A Blustery Day
We are a school of science, art and nature; communing with animals, plants, and the mathematical design behind it all. We are serious about our dedication to social justice, balance and connectedness, because in all reality, we have no time to lose. We are here to question bias, see through the glitz and screens that blind us and figure out how to raise kids who are prepared to help out on a large scale.
We work on giant concepts, huge ideas that are all about helping save the world from ourselves. I know these sound too big sometimes for 5-10 year-olds but they take it in and on with seriousness, earnestness and great passion. I swoon when I hear them breaking down ideas such as Trophic Cascade, talking about Susan B. Anthony and women’s right to vote and what we need to do to save the Duwamish River and its people. I feel such great pride and hope for the future.
Today we trekked down to Lincoln Park to try to get a get a glimpse of one of our favorite mammals, a humpback whale; an animal we have studied and hoped for its livelihood in our beloved oceans. We didn’t get to see the whale but we did see eagles on the wind and one of the most stunning rainbows I’ve ever seen. And while all of these things play an important role in our learning about our world, nothing compared to the compassion I witnessed toward humankind today; a small thing or two but such an impression that we are on the right track to giving back to the world, kids who really care.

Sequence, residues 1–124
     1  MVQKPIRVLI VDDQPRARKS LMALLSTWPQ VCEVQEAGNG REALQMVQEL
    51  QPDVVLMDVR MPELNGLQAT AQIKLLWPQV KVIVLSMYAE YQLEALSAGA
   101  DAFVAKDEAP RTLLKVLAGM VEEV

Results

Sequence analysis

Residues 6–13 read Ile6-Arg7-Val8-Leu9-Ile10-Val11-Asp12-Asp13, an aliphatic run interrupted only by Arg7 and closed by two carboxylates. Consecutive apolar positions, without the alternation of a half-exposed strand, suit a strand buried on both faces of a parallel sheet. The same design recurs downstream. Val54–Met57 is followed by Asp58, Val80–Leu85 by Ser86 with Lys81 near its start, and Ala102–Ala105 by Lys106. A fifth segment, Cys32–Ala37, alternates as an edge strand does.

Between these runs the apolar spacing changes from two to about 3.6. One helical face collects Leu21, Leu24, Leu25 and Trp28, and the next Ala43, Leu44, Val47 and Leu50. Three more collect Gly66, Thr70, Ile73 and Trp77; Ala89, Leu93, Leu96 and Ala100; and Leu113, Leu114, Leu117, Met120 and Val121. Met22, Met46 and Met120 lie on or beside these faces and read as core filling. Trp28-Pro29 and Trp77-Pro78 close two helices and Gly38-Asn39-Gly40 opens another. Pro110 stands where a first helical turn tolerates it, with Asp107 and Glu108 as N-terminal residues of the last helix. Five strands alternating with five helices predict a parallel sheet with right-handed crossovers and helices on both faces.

The wind was gusting, the kids were playing, building, running, gazing through the binoculars at the enormous waves. Someone who was slow moving along the path had their scarf get caught and blow away, and a few kids tore away from what they were doing to chase it down and return it to its owner.
One of our kids fell and all the kids rushed to make sure they weren’t hurt or upset.
Not one but three times, the garbage can near us, fell and blew; the can, the bag, the garbage, the lid in all directions. Each time, a group of kids ran to fix it, helping each other to carry the pieces to make it whole again. People were walking by taking it in. On the third time, as two kids carried the can back to its spot, they figured out they could move it behind the bushes so it wouldn’t blow over. Someone on a blustery walk was watching and stopped and thanked our kids for their service.
Again I felt such pride but a different kind of pride. The kids didn’t do any of this for recognition, or because someone asked or told them to or for any other reason except it is what you do to make our world a better place and because they care. These simple acts are so woven into who we are as a community and it is making all the difference, this work we are all doing here together. Thank you for being here with us.
“My contention is that creativity now is as important in education as literacy, and we should treat it with the same status.” ~Sir Ken Robinson